The report demonstrates that stabilizing atmospheric carbon dioxide concentrations will require deep reductions in the amount of carbon dioxide emitted. Because human carbon dioxide emissions exceed removal rates through natural carbon “sinks,” keeping emission rates the same will not lead to stabilization of carbon dioxide. Emissions reductions larger than about 80 percent, relative to whatever peak global emissions rate may be reached, are required to approximately stabilize carbon dioxide concentrations for a century or so at any chosen target level (see Figure Syn.3).
But stabilizing atmospheric concentrations does not mean that temperatures will stabilize immediately. Because of time lags inherent in the Earth’s climate, warming that occurs in response to a given increase in the concentration of carbon dioxide (“transient climate change”) reflects only about half the eventual total warming (“equilibrium climate change”) that would occur for stabilization at the same concentration (see Figure Syn.4). For example, if concentrations reached 550 ppmv, transient warming would be about 1.6ºC, but holding concentrations at 550 ppmv would mean that warming would continue over the next several centuries, reaching a best estimate of an equilibrium warming of about 3ºC.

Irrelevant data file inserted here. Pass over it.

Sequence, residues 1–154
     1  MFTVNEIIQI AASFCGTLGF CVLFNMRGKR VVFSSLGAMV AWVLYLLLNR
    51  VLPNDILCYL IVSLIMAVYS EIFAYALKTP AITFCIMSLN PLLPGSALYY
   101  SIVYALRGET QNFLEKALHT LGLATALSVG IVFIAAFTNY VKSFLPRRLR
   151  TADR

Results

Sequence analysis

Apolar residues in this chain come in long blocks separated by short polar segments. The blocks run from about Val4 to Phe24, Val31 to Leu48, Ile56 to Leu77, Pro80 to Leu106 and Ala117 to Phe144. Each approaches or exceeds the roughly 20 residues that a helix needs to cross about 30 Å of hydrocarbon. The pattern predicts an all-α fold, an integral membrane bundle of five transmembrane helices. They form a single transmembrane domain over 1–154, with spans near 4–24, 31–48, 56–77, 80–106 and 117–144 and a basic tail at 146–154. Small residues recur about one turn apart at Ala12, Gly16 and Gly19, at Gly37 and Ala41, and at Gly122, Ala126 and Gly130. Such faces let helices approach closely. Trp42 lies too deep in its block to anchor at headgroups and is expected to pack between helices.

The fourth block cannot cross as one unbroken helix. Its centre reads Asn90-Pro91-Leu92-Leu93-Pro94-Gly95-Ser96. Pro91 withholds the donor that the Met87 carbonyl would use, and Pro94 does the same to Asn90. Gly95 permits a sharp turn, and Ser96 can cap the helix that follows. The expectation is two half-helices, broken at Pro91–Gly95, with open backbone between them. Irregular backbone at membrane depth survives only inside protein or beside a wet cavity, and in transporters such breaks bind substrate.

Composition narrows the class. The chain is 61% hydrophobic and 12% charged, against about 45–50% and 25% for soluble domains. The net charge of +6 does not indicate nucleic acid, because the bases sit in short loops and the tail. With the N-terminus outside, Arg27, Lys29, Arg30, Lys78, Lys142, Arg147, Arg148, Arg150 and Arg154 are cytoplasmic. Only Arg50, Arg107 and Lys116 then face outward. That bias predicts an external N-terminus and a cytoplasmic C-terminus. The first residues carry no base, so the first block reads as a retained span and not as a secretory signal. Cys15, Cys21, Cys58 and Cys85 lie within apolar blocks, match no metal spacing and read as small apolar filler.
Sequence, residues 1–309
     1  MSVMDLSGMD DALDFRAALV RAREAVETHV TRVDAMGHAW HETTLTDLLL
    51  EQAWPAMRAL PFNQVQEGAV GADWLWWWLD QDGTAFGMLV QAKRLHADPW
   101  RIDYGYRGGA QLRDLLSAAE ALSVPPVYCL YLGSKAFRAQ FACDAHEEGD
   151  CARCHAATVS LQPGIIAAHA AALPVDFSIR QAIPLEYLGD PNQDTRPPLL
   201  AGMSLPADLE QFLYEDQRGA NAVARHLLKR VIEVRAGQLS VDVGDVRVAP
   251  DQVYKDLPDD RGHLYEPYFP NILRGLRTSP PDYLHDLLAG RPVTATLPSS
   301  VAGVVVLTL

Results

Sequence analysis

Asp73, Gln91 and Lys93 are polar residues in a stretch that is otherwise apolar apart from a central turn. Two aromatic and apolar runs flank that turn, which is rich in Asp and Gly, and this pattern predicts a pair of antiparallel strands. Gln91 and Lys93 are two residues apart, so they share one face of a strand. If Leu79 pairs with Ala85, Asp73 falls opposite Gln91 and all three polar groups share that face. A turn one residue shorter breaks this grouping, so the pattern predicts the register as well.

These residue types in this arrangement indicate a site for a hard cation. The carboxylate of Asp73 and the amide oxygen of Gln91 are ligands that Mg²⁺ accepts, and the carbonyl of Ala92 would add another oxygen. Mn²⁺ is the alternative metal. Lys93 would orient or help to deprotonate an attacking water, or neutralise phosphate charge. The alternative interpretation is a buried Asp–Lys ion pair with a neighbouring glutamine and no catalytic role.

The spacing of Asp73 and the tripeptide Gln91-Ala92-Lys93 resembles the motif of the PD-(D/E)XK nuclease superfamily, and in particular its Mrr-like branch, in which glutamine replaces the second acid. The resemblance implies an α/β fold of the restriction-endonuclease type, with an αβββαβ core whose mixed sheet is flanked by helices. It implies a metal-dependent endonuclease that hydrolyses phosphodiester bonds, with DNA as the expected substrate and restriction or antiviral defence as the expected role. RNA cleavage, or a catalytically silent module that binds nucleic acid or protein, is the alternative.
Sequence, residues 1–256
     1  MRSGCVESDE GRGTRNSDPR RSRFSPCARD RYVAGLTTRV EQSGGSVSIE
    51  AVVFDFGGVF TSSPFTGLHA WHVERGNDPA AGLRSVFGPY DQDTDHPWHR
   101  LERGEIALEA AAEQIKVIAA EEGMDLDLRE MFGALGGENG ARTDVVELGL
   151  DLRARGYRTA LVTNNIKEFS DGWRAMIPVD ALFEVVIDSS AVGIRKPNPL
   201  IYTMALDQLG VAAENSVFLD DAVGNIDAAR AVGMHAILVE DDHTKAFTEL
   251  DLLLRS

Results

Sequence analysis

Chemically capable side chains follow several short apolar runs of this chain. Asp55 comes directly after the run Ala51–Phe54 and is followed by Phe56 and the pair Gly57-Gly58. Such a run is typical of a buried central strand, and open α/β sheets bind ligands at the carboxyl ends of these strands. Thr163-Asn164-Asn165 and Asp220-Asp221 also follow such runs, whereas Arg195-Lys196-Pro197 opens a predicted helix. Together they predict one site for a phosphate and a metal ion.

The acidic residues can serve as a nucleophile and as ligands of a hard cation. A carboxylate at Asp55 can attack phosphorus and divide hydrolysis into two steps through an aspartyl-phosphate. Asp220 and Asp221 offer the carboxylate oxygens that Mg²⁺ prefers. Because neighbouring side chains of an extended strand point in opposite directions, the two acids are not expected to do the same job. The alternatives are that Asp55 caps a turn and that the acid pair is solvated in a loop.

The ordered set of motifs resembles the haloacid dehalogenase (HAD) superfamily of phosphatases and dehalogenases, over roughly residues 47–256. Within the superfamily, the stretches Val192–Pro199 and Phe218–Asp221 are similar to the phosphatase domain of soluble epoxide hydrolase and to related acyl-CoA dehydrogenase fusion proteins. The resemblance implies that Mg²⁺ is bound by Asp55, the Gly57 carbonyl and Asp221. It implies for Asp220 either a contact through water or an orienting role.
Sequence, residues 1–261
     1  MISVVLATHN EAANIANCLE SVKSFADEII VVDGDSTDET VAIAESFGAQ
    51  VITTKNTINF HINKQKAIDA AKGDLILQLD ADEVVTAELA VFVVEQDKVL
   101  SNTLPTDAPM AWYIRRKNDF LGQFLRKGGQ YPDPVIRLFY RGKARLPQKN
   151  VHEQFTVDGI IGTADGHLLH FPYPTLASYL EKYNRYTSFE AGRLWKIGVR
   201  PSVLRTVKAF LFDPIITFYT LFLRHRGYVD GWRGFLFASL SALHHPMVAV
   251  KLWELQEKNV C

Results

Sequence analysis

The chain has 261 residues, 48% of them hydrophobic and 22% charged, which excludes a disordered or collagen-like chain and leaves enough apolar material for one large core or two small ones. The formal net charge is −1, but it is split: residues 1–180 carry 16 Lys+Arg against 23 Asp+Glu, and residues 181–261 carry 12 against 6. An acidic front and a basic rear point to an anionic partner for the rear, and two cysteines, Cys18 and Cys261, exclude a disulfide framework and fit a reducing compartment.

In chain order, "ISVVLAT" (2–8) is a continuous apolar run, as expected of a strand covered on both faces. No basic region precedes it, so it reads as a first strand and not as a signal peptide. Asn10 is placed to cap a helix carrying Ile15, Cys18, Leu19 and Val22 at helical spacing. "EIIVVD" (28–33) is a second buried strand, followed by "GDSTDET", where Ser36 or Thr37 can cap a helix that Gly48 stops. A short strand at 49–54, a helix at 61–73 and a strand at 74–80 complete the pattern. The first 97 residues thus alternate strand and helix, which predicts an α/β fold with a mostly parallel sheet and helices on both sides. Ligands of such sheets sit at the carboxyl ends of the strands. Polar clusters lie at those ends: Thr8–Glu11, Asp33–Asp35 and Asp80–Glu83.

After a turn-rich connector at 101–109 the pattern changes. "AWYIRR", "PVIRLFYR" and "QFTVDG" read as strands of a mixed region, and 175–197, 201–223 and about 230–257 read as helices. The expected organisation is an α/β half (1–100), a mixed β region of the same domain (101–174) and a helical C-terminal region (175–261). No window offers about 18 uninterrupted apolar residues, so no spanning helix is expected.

Estimates of warming are based on models that incorporate “climate sensitivities”—the amount of warming expected at different atmospheric concentrations of carbon dioxide (Table 1). Because there are many factors that shape climate, uncertainty in the climate sensitivity is large; the possibility of greater warming, implying additional risk, cannot be ruled out, and smaller warmings are also possible. In the example given above, choosing a concentration target of 550 ppmv could produce a likely global warming at equilibrium as low as 2.1ºC, but warming could be as high as 4.3ºC, increasing the severity of impacts. Thus, choices about stabilization targets will depend upon value judgments regarding the degree of acceptable risk.
This report provides a scientific evaluation of the implications of various climate stabilization targets. The report concludes that certain levels of warming associated with carbon dioxide emissions could lock Earth and many future generations of humans into very large impacts; similarly, some targets could avoid such changes. It makes clear the importance of 21st century choices regarding long-term climate stabilization.